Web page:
In August 2023, when we mark the centennial of Calvin Coolidge’s ascendance to the presidency upon the unexpected death of Warren Harding, we should celebrate his devotion to economy in government—and not just that he talked about it, but mainly because he delivered on it.
No serious free marketer believes that markets are perfect. We aren't utopians. Unfortunately, perfect markets and perfect competition are often the starting point of economic textbooks. This rosy starting point leads many to conclude that when conditions are less than perfect, the best course of action for a correction is government intervention. It's wrong.
The lawyer said that, from his experience, the JSF has written more letters to the government regarding the new Labor Reform than with other issues. "In other cases where the Board sues, it always sends letters and warnings, but in the case of Law 41 the Board is being very incisive," he said. "I would describe it as a last chance, but I admit that I have not seen a previous letter in which the Board gave the government so many chances", he said.
In the letter dated July 30, the Oversight Board attached an extensive study by economist Robert Triest in which the negative impacts that Law 41 would have on the economic development of Puerto Rico are summarized. In short, the economic study concludes that Law 41 discourages the hiring of new employees in the private sector and, therefore, Government revenues will be affected. Specifically, the study concludes that Law 41 will cause a decrease in Government revenues of $156 million in the short term and - in the long term - it will cause a reduction of $8.1 billion in revenues. Based on that study, the Board concludes that Law 41 is inconsistent with the Fiscal Plan and violates PROMESA.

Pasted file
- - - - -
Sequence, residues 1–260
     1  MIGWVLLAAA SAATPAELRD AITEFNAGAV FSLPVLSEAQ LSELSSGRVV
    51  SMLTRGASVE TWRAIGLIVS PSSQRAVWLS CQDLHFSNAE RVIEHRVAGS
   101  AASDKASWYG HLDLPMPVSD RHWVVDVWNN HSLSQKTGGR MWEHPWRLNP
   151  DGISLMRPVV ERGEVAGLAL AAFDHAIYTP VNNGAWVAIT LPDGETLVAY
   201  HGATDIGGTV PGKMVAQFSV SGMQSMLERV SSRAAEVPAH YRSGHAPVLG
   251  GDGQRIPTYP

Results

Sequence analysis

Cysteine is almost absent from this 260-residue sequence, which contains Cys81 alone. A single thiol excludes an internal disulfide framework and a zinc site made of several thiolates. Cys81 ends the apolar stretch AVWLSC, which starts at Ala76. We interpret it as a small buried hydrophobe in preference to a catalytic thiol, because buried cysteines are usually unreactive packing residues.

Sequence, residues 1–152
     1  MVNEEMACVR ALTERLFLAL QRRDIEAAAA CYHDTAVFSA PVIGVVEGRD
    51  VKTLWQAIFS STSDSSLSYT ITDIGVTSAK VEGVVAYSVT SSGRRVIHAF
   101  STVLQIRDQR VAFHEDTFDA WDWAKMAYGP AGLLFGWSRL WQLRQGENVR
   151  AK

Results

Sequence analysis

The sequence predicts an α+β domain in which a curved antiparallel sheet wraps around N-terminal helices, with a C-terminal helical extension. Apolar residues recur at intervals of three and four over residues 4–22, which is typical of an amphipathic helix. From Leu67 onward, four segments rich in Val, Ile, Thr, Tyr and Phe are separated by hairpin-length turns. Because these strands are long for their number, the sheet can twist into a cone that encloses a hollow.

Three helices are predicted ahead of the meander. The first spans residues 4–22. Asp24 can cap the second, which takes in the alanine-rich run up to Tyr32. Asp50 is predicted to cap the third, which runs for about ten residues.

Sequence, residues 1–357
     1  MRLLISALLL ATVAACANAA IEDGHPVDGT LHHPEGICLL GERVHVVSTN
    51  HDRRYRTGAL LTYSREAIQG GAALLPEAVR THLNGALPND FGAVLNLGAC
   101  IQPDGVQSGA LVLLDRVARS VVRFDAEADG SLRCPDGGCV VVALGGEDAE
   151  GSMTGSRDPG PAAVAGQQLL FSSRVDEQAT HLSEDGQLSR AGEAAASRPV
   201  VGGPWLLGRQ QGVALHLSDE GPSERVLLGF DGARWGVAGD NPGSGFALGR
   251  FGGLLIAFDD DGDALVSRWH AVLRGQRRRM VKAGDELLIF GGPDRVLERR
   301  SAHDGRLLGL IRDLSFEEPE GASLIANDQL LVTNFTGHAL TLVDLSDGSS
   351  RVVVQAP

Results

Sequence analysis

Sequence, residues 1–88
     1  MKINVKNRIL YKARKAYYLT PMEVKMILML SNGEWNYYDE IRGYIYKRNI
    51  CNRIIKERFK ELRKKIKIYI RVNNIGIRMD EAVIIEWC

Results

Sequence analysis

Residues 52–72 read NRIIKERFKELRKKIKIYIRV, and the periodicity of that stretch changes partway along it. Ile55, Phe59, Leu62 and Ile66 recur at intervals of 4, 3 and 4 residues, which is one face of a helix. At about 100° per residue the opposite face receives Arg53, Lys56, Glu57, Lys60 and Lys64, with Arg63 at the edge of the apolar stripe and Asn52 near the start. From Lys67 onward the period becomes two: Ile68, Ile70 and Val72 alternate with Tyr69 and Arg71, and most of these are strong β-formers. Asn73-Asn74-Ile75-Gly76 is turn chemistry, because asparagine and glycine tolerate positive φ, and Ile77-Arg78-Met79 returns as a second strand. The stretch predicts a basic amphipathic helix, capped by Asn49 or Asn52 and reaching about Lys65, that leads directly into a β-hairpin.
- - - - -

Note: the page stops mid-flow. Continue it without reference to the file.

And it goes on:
We need to promote laws that encourage the growth of new companies and ecosystems of innovative services. In the near future, the emerging and vibrant economies will be those that enrich and promote the generation of services based on the talent of human capital. We need to transform the talent market and create a legislative framework that facilitates labor flexibility.
Last year, Gov. Ron DeSantis (R) signed a bill that fundamentally changes the state’s permitting process for home building. It requires local jurisdictions to post online not only their permitting processes but also the status of permit applications. The transparency takes a good amount of mystery out of what can be an inscrutable branch of bureaucracy.
The airport looked like something out of the 1950s: shabby hallways, a generic media outlet, a generic restaurant, and a few tacky souvenir shops. All that changed after San Juan's Luis Muñoz Marín International Airport (SJU) was privatized in 2013. Underlying problems were far more serious.
What is going to happen, write it down, is that entrepreneurs, large or small; merchants who will be affected in one way or another, will pass the blow to the consumer. That is not talked about. The governor did not mention it in his "vibrant" speech when signing the law. But it is something that cannot be avoided. The increase in the mesada, in the Christmas bonus or whatever, is going to be paid by the consumers in the can of sausages.
If you’re poor and reside where there’s little economic freedom, then you have fewer opportunities to improve your livelihood compared with those living in more economically free places. The freedom to have the flexibility to control your future and leave a legacy to future generations with little influence by government supports human flourishing.